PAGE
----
Women are More Skeptical than Men about Driverless Cars

July 27, 2015

According to data gathered by NerdWallet, vehicle manufacturers will have to worry more about impressing women than men if they want to make driverless cars more common. In addition to highlighting the differences in opinion between men and women, their findings showed disparity in opinions of driverless cars between older and younger Americans.

NerdWallet's findings showed that slightly more than 35 percent of women expressed interest in purchasing a self-driving vehicle. However, 50 percent of men expressed interest in owning a driverless car. More than 50 percent of people between the ages of 18 and 29 said that they were very interested or somewhat interested in the idea of owning a self-driving vehicle. From the age group of adults who were 30 years of age or older, only about 40 percent said that they would be interested in one of these futuristic vehicles.

Most of the women who were interviewed said that they had concerns about safety. About 55 percent of the women said that being unsure of safety was the biggest drawback in buying a self-driving car. Less than 40 percent of the men surveyed were concerned about safety with these cars. Nearly 45 percent of men said that they were worried about driverless cars making the driving experience more boring. However, slightly less than 25 percent of women agreed with that idea. Researchers said that consumers have limited trust when it comes to vehicles that move automatically. When researchers asked the survey participants if they would put a child in a driverless car alone, less than 10 percent said that they would do that.

Although America's drivers are not yet ready to welcome driverless vehicles to the roads, NerdWallet found that they are very interested in the safety technologies that will lead the way for self-driving vehicles. One of the most popular technologies noted was blind spot detection. More than 40 percent of respondents said that it was one of the most appealing safety features. Another 30 percent said that emergency self-braking was another favorable safety feature.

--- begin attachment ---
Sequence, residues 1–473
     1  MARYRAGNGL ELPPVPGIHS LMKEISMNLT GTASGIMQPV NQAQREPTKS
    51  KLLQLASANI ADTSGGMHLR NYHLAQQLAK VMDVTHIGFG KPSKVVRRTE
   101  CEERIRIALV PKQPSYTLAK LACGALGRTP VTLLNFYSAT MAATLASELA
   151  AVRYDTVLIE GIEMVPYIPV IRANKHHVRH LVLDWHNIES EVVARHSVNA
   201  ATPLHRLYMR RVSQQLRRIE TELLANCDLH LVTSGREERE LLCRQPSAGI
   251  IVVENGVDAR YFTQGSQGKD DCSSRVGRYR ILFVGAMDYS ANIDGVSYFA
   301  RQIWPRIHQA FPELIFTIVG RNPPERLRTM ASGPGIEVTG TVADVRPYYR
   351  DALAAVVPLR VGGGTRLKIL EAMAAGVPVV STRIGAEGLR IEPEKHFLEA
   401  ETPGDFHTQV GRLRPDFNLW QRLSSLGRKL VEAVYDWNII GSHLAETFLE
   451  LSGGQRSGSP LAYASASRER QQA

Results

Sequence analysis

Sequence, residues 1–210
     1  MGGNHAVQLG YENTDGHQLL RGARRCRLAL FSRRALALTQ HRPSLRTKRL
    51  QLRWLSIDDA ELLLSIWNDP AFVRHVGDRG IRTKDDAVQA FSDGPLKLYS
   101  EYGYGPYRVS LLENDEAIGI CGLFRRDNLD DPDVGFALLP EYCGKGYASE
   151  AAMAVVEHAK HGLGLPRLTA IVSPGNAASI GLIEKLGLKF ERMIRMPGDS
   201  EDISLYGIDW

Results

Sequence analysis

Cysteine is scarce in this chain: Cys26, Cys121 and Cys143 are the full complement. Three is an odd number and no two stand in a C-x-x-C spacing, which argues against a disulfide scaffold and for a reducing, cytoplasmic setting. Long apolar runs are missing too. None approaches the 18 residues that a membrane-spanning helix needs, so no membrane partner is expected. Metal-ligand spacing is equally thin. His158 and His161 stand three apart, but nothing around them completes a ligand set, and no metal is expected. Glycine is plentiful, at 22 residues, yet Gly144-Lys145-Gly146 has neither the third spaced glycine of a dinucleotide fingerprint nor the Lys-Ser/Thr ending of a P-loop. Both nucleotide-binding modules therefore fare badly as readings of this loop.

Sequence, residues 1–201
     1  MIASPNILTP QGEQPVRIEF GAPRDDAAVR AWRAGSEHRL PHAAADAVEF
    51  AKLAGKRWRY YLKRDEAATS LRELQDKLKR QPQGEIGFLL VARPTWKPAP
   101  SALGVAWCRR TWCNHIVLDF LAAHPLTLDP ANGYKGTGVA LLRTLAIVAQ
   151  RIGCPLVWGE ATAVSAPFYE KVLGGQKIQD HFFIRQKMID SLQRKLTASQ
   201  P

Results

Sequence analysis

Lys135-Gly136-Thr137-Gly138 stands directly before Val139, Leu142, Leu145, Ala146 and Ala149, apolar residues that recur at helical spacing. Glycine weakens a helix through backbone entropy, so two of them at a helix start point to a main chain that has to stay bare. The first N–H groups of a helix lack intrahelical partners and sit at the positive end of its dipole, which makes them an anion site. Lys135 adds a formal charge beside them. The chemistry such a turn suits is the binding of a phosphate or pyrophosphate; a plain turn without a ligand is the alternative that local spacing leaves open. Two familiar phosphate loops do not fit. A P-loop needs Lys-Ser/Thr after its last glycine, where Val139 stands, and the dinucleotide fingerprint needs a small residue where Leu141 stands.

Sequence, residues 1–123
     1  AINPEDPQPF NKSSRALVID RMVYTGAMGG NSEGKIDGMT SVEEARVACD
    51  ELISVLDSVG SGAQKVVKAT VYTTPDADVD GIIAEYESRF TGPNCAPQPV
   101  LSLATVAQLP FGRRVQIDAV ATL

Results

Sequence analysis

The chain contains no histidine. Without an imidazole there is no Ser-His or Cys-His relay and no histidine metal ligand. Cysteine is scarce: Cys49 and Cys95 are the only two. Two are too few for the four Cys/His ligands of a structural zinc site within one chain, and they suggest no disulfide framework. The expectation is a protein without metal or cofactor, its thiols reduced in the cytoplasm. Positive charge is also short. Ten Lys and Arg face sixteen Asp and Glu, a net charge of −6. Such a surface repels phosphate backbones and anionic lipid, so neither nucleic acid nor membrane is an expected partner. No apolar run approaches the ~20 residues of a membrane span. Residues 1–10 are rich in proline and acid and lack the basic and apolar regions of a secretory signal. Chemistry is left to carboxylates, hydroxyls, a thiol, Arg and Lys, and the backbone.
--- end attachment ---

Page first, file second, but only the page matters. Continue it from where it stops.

Self-driving vehicles use sensors, cameras and GPS systems to navigate the roads. The sensors and cameras tell the vehicle when it is approaching objects in the road or other vehicles while going forward or backing up. The GPS system shows the vehicle where it is located and helps it map a route correctly. While many Americans are still skeptical about the concept of these vehicles, the self-driving cars have already arrived and are here to stay. Google recently released a self-driving car as a test vehicle to drive in Mountain View, California. The company has actually been testing driverless vehicles for more than six years. During that time, they said that the vehicles have only been involved in 11 accidents and were not to blame in any of them. Most accidents involved the vehicles being rear-ended.

One self-driving Audi completed a trip recently from one coast to the other in just nine days. During that time, it was in automatic driving mode for nearly 100 percent of the time. The test was conducted by Delphi Automotive. Tesla's CEO also announced an upgrade in software for some electric vehicles. While it would have the capability for full autopilot features, it will not be fully enabled at first.

Overall, the top concerns people of all ages expressed were safety and cost. Most people were not willing to invest more in a vehicle for an inflated price tag even if it offered automated driving. The lack of trust in driverless technology and even some modern safety features adds to drivers' disinterest in self-driving cars. Experts expect to see opinions change as safety features progress and automation continues improving through testing. To learn more about how driverless technology may affect insurance, discuss concerns with an agent.

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